I spent a month in the beautiful city of Guanajuato, Mexico. People have lived in the area for thousands of years but it took on its current form in the 1500s when the Spanish colonized the region to mine the rich deposits of gold and silver found in the mountains. I felt like a big American tourist when I brought my camera into the town to create some documentation of my experience in Guanajuato; I just didn't feel comfortable observing another culture in this way. So I decided to shoot things other than people. I became interested in two features of the city: the seemingly endless, steep staircases that constitute most of the streets of this mountainside city and the network of tunnels under the city that were once mines. I shot video using my Flip camera and my new HD camera. I created a work with the staircase material, 306 Steps in Guanajuato, that was on view in November 2012 at a solo exhibition at the University of Guanajuato.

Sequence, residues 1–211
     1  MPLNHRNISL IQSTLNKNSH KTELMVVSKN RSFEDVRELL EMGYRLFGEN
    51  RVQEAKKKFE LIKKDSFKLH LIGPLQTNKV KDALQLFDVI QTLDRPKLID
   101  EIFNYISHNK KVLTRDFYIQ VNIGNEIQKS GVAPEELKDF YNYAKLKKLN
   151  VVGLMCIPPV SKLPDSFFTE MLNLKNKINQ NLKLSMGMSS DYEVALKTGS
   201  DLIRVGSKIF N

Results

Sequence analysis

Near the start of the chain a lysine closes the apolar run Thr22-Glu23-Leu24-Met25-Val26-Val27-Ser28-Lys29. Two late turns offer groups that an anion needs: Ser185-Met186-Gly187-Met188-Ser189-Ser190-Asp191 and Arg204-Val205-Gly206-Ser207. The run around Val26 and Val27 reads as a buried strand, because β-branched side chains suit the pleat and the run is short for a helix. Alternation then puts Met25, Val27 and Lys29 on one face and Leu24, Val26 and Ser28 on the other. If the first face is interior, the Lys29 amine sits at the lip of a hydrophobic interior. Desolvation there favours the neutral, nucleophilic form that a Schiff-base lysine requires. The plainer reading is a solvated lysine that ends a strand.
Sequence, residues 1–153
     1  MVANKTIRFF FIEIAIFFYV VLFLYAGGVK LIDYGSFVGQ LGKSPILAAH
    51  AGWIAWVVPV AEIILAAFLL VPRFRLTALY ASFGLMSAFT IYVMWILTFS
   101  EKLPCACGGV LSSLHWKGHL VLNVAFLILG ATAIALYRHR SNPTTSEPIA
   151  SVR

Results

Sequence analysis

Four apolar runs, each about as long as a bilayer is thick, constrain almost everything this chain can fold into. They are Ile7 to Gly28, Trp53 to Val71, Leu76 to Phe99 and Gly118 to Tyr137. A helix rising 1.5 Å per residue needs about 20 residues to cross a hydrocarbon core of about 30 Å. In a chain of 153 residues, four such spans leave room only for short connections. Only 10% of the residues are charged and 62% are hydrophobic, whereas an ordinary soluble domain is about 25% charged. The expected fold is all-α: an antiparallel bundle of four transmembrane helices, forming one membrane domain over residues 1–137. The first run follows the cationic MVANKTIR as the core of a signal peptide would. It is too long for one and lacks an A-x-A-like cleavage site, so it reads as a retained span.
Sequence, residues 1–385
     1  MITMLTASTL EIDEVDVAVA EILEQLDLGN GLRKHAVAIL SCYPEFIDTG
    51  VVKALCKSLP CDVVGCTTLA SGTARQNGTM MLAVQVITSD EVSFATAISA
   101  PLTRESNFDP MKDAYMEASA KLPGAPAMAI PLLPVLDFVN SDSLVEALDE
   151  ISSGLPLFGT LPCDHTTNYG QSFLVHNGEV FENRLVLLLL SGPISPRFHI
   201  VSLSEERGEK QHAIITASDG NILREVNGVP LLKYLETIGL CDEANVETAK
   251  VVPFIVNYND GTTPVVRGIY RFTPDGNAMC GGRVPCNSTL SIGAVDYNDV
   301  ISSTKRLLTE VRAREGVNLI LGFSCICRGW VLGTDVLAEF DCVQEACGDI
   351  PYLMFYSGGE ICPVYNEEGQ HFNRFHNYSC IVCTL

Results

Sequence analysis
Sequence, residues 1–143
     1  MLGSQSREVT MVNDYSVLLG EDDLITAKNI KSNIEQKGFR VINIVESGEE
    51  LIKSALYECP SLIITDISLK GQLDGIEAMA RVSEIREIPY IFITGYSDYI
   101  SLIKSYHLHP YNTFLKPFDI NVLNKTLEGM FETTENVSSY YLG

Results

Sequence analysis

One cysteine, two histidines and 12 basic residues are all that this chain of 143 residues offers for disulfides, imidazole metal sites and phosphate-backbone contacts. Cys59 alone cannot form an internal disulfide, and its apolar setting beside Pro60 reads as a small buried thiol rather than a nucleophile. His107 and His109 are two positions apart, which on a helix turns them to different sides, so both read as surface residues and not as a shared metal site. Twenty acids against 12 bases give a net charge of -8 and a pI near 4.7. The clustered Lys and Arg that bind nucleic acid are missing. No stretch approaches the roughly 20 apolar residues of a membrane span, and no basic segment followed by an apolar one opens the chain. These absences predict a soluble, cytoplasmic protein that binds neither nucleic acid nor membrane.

306 Steps in Guanajuato
varies: one or two-channel video installation, 2012
This video projection piece shows the 306 steps of the staircase streets from downtown Guanajuato, Mexico up to El Pipila, an enormous monument at the top of one of the mountains onto which this city is built. El Pipila was a hero of the Mexican War for Independence; his is an awesome story you should really read.
This work grows out of my Minute Movies practice, as early one morning while I was taking my morning walk up to El Pipila, I suddenly had the idea to document each step of the staircase. It took me almost two hours to crawl up the steps while recording each stair. I then processed the video material to communicate the sense of moving up and down this very long set of stairs.